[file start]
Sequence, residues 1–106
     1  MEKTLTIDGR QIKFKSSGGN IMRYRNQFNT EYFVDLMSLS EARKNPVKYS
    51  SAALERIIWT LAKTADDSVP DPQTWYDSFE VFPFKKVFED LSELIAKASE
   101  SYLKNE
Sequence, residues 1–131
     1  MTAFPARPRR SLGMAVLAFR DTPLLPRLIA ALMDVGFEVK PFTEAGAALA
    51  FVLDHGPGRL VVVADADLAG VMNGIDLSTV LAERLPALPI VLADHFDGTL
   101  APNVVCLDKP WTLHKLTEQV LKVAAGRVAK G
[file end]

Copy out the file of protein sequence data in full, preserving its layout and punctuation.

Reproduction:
Sequence, residues 1–106
     1  MEKTLTIDGR QIKFKSSGGN IMRYRNQFNT EYFVDLMSLS EARKNPVKYS
    51  SAALERIIWT LAKTADDSVP DPQTWYDSFE VFPFKKVFED LSELIAKASE
   101  SYLKNE
Sequence, residues 1–131
     1  MTAFPARPRR SLGMAVLAFR DTPLLPRLIA ALMDVGFEVK PFTEAGAALA
    51  FVLDHGPGRL VVVADADLAG VMNGIDLSTV LAERLPALPI VLADHFDGTL
   101  APNVVCLDKP WTLHKLTEQV LKVAAGRVAK G